BUDGET CRUSHED: This article is part of an ongoing series analyzing how the state’s budget crisis has affected West Side residents.

At recent town hall meeting in Austin, state lawmakers Sen. Don Harmon (39th) and Rep. Camille Lilly (78th) said that community programs will continue to suffer until a state budget is passed.

“Illinois has a revenue problem and that has made passing a budget and maintaining community programs extremely difficult. There’s no easy way out of it. We need more revenue to do more for communities,” said Harmon at the Sept. 14 town hall meeting held at Austin Town Hall Park, 5620 W. Lake St.

Harmon said almost 90 percent of state government, such as salaries for state employees, is being funded without a budget. Earlier this year, Gov. Bruce Rauner signed an emergency spending bill to fund numerous capital construction projects and education for K-12 public school students.

Lilly told the roughly two dozen people in attendance at the meeting that lawmakers must collectively plan together in order to get this state on the road to recovery.

“Jobs create a revenue stream for the state [and] this is money that can be used to support community programs and our schools,” said Lilly, whose district includes a large part of Austin and other parts of the West Side.

One concern that was especially on the minds of residents in attendance was the rising violence in Chicago especially in Austin, Garfield Park and North Lawndale.

“There are not a lot of resources in our communities anymore and as a result young people are on the street more and not in school,” said Austin resident Sharon Farris. “I see kids every single day standing on the corners. I want to know how the state is addressing that problem.”

Lilly said she passed legislation that addresses the (prison) re-entry population and the barriers ex-offenders experience once released from prison.

“Previously, ex-offenders were banned from working in the healthcare system unless they got a waiver,” explained Lilly. “But Sen. Harmon and I sponsored [a bill], which the governor signed, that removed the ban and it improved the healthcare registry. Ex-offenders are now able to re-apply for any professional licenses they had prior to incarceration.”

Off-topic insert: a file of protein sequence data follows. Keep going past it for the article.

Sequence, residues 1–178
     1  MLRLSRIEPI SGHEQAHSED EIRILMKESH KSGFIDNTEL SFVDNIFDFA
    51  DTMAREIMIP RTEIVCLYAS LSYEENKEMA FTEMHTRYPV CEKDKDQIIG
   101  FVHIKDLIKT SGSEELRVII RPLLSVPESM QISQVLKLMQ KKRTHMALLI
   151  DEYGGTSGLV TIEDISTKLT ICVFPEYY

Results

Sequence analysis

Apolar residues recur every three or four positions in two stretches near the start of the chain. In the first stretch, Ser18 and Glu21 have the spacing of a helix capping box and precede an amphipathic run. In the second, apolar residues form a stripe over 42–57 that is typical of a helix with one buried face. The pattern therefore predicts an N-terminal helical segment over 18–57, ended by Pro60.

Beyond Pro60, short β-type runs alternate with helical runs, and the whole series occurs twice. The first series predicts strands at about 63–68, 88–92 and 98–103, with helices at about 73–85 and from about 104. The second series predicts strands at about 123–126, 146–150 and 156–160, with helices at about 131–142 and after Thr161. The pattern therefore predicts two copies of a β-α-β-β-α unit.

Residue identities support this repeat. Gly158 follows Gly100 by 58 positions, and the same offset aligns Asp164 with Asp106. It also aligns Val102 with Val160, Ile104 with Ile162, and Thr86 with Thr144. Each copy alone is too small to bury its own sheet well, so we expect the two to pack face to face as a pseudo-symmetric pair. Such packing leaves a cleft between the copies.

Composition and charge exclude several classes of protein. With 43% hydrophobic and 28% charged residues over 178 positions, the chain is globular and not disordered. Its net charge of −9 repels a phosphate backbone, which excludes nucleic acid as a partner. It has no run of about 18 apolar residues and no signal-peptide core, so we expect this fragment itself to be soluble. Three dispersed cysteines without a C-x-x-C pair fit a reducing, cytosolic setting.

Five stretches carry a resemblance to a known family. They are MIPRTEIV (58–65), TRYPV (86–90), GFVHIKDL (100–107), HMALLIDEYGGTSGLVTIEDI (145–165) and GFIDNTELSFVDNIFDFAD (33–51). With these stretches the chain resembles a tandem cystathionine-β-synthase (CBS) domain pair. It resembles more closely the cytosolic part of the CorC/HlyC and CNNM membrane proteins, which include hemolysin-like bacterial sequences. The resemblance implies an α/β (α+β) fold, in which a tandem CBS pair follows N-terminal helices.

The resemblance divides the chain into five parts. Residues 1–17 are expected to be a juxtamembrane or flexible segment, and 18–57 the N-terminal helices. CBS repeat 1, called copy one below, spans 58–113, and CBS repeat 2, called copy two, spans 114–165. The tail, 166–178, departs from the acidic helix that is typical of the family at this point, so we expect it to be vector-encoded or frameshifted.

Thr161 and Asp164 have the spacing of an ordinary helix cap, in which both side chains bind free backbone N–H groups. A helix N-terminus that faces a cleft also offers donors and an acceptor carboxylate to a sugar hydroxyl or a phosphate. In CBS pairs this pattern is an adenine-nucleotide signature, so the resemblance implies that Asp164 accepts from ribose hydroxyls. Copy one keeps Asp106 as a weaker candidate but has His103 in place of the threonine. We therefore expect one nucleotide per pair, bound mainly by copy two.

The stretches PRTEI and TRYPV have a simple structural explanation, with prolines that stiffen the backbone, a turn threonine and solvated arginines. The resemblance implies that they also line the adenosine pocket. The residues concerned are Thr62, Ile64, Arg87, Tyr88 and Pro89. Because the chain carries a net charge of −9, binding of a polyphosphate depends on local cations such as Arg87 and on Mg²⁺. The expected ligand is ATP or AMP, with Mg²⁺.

Gary Smith, an administrator with the Clerk of the Circuit Court of Cook County, said his office will continue to advocate for more legislation to address expungement.

“The clerk’s office would like to see legislation that allows for non-violent felony convictions to automatically be expunged after 10 years,” said Smith. “That is something we are pushing for and I urge all of you to write your senators and state representatives to support this effort with new legislation.”

Harmon said that part of the high rate of incarceration of young blacks for drug-related offenses has to do with a troubling racial disparity. Drug use, he said, is often considered a health crisis and not a crime if the offender is white.

“Shortly after I was elected into the General Assembly in the early 2000s, methamphetamine was ripping through southern Illinois and my colleagues called it a health crisis because so many (white) kids were hooked on meth,” recalled Harmon. “When black kids in the city are addicted to drugs, it’s a crime. But when it’s white kids in rural areas, it’s called a health crisis.”

He added that black Chicago also has a health crisis.

“The crisis we are facing in Chicago is drugs and guns. Funny how some parents have empathy for their kids but not kids from our district. There’s overt racism and systematic racism that exist in our world,” added Harmon, who, in addition to representing western suburbs such as Elmwood Park and Oak Park, also represents a small part of Austin.

Neely Smith, an Austin resident, thanked Harmon for his honesty about something she said has been going on for years.

“I didn’t want to go there senator but I’m glad you brought it up,” said Smith. “When it comes to crimes, the justice system treats people differently based on race. A white man can embezzle a million dollars and get a year in jail, but a black person who steals a $700 TV from someone’s house out would probably get six years imprisonment even if it’s his first offense.”

Education was another subject that the state lawmakers discussed with constituents, with Harmon noting that education programs are starving for revenue.

“Human services and higher education are getting killed,” Harmon said. “We have a bizarre way of funding schools. State dollars are not going to the school districts that need them the most while well enough school districts are getting support and that’s not right.”

Unlike teachers working at schools outside Chicago whose pensions are funded by the state, pension payments for Chicago Public Schools teachers come solely from Chicago residents through property taxes. Income taxes paid by Chicago residents, however, are used by the state to fund pensions for all teachers outside Chicago.

Lilly added that the funding formula for schools was created decades ago by the General Assembly and it needs to be changed to treat Chicago teachers equally.

“We have not done a good job managing human services or funding our schools and fixing these two problems is a goal I have this fiscal year,” said Lilly.